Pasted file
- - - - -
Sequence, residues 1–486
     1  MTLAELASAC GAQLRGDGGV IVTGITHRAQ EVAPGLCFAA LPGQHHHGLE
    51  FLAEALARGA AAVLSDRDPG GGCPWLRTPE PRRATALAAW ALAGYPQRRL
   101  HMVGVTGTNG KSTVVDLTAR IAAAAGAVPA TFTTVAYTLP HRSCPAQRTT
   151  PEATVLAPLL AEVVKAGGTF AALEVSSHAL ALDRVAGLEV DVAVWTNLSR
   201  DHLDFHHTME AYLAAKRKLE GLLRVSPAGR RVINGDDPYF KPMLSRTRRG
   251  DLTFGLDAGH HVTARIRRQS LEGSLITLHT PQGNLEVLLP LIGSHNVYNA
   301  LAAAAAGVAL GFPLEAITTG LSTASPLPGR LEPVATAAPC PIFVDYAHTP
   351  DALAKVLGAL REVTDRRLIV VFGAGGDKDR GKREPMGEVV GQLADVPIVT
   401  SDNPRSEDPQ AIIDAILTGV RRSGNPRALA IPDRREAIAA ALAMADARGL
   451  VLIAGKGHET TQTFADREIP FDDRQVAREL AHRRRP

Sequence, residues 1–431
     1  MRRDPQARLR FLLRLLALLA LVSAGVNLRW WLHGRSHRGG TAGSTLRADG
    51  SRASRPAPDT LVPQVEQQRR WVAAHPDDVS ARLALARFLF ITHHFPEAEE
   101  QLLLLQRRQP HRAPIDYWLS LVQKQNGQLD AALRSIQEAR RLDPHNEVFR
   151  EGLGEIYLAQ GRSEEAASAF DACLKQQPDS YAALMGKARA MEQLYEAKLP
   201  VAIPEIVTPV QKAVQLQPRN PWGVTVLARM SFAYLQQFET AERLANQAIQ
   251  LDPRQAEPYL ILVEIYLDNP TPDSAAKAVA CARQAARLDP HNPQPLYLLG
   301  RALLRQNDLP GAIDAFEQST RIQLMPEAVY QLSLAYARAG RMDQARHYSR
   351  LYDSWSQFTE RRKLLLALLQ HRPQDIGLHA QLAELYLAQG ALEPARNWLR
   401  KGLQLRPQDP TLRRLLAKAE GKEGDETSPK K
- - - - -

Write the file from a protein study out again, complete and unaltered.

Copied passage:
Sequence, residues 1–486
     1  MTLAELASAC GAQLRGDGGV IVTGITHRAQ EVAPGLCFAA LPGQHHHGLE
    51  FLAEALARGA AAVLSDRDPG GGCPWLRTPE PRRATALAAW ALAGYPQRRL
   101  HMVGVTGTNG KSTVVDLTAR IAAAAGAVPA TFTTVAYTLP HRSCPAQRTT
   151  PEATVLAPLL AEVVKAGGTF AALEVSSHAL ALDRVAGLEV DVAVWTNLSR
   201  DHLDFHHTME AYLAAKRKLE GLLRVSPAGR RVINGDDPYF KPMLSRTRRG
   251  DLTFGLDAGH HVTARIRRQS LEGSLITLHT PQGNLEVLLP LIGSHNVYNA
   301  LAAAAAGVAL GFPLEAITTG LSTASPLPGR LEPVATAAPC PIFVDYAHTP
   351  DALAKVLGAL REVTDRRLIV VFGAGGDKDR GKREPMGEVV GQLADVPIVT
   401  SDNPRSEDPQ AIIDAILTGV RRSGNPRALA IPDRREAIAA ALAMADARGL
   451  VLIAGKGHET TQTFADREIP FDDRQVAREL AHRRRP

Sequence, residues 1–431
     1  MRRDPQARLR FLLRLLALLA LVSAGVNLRW WLHGRSHRGG TAGSTLRADG
    51  SRASRPAPDT LVPQVEQQRR WVAAHPDDVS ARLALARFLF ITHHFPEAEE
   101  QLLLLQRRQP HRAPIDYWLS LVQKQNGQLD AALRSIQEAR RLDPHNEVFR
   151  EGLGEIYLAQ GRSEEAASAF DACLKQQPDS YAALMGKARA MEQLYEAKLP
   201  VAIPEIVTPV QKAVQLQPRN PWGVTVLARM SFAYLQQFET AERLANQAIQ
   251  LDPRQAEPYL ILVEIYLDNP TPDSAAKAVA CARQAARLDP HNPQPLYLLG
   301  RALLRQNDLP GAIDAFEQST RIQLMPEAVY QLSLAYARAG RMDQARHYSR
   351  LYDSWSQFTE RRKLLLALLQ HRPQDIGLHA QLAELYLAQG ALEPARNWLR
   401  KGLQLRPQDP TLRRLLAKAE GKEGDETSPK K